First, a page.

Fantasy Flashbacks

Fantasy Flashbacks Round 4 – Tony Lockett

Round 4 Tony Lockett

Welcome to the Round 4 edition of Footy Prophet’s new weekly series – Fantasy Flashbacks. Each week during the 2016 home and away season, we will look at some of the greatest historical fantasy performances correspondent to the upcoming round – before fantasy football existed.

Fantasy Flashback’s Player of the week for Round 4 is one of the greatest full forwards to have a played the game in former Saint and Swan Tony Lockett.

In Round 4 of 1987 against the Demons and while still at St Kilda, Lockett kicked 12 goals 3, from 20 disposals and 14 marks for a fantasy score of 172.

21-year old Lockett – who was playing in his fourth season of senior football – was unstoppable on the day, kicking all but two of St Kilda’s 14 goals. Yet, as it turned out, it wasn’t enough, as the Demons ran out winners by a comfortable 47 points.

Lockett went on that year to kick over 100 goals for the first time in his career with 117 majors, and in doing so took out the first of four Coleman Medals, while also claiming his one and only Brownlow Medal in a tie with Hawthorn’s John Platten, and being awarded that season’s MVP – a remarkable feat for a full forward. He also took out the first of two best and fairest awards for the Saints.

In a career spanning 18 years (if his ill-fated comeback in 2002 is included), Lockett played 281 games for a VFL/AFL record 1360 goals at an average of 4.8 per game.

As mentioned above, he won the Coleman Medal four times and kicked 100 goals in a season six times. However, had he not been injured in each of the three seasons following 1987 and 1993/4, he could have done so on another five occasions.

1988 – 8 games 35 goals

1989 – 11 games 78 goals

1990 – 12 games 65 goals

1993 – 10 games 53 goals

1994 – 10 games 56 goals

At the end of the 1994 season after 183 games and 898 goals for the Saints, Lockett moved to the Swans with similar hype as was given to Lance Franklin when he did the same almost 20 years later.

Like Franklin, Lockett was arguably the biggest name in the game at the time, and immediately had a profound impact on attendance at home games. Until Lockett arrived, the Swans had always struggled to draw consistently good crowds, but that changed dramatically with Lockett’s arrival.

Lockett went on to kick 462 goals for Sydney over 98 games, leading the club’s goal kicking on five occasions, while also taking out the Bob Skilton Medal in 1995. Two years later he led the Swans to their first Grand Final appearance since 1945, after kicking a memorable point on the final siren against Essendon in the Preliminary Final. Unfortunately, the Swans – and Lockett, didn’t taste the ultimate success, going down to North Melbourne in the decider by 43 points.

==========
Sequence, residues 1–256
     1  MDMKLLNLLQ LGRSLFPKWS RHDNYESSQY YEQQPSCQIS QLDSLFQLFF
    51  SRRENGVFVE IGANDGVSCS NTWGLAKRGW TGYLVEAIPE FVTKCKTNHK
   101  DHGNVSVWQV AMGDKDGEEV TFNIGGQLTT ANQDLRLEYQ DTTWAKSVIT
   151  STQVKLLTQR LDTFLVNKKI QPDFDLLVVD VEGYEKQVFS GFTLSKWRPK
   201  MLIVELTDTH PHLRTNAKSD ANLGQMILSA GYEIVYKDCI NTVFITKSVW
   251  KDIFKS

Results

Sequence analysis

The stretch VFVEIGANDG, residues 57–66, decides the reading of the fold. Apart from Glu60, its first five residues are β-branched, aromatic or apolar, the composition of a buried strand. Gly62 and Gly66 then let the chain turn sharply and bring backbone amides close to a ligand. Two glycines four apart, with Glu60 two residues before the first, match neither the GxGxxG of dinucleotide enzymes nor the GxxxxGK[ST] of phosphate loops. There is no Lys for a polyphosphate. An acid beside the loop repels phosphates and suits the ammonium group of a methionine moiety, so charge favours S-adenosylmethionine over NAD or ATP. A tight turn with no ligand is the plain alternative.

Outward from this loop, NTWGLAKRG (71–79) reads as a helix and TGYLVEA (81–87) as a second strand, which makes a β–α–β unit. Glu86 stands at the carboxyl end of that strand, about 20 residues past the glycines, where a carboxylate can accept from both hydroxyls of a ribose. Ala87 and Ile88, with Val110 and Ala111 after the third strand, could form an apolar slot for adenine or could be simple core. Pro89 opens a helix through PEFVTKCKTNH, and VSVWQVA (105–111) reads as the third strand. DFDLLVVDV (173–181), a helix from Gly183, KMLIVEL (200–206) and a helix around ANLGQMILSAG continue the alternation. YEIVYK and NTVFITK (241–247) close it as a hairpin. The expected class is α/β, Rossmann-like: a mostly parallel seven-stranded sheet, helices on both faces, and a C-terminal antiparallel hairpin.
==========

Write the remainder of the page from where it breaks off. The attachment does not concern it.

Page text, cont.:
A premiership was one of the few things in football Lockett was unable to achieve, in what was a magnificent career. He represented Victoria on five occasions, was a five-time All-Australian, and was included in both the Swan’s and Saints’ Teams of the Century. In 2015 Lockett was inducted into the AFL Hall of Fame and named as an official Legend.

As has been mentioned previously he also won the Coleman Medal four times, a Brownlow Medal, an AFL MVP and took out three club best and fairest awards.

But how would Lockett have gone from a fantasy perspective? Well, we know he scored a ripper 172 in Round 3 of 1987, however, that is by no means his highest fantasy score, which he achieved ironically against the Swans in Round 13 of 1992.

On that particular day he booted 15 goals from 20 kicks and 18 marks, producing a mammoth fantasy score of 209, while over his career he would have averaged 69.9 points per game.

Although, that average in itself is hardly impressive, between the years of 1987 and 1996 he would have been a very relevant and popular fantasy option. Over those 10 seasons ‘Plugger’ would have averaged a very healthy 91.3 points overall, with his best of 105.5 coming in 1991. In another five of those seasons he would have averaged above 90.

No doubt in his prime years Tony Lockett would have been a fantasy star.

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